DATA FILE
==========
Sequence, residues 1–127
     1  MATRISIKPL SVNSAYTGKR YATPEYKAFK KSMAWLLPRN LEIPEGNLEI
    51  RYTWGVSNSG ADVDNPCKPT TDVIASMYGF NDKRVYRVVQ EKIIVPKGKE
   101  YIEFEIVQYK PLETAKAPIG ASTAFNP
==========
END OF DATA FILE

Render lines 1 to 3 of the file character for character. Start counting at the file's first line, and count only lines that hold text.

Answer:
Sequence, residues 1–127
     1  MATRISIKPL SVNSAYTGKR YATPEYKAFK KSMAWLLPRN LEIPEGNLEI
    51  RYTWGVSNSG ADVDNPCKPT TDVIASMYGF NDKRVYRVVQ EKIIVPKGKE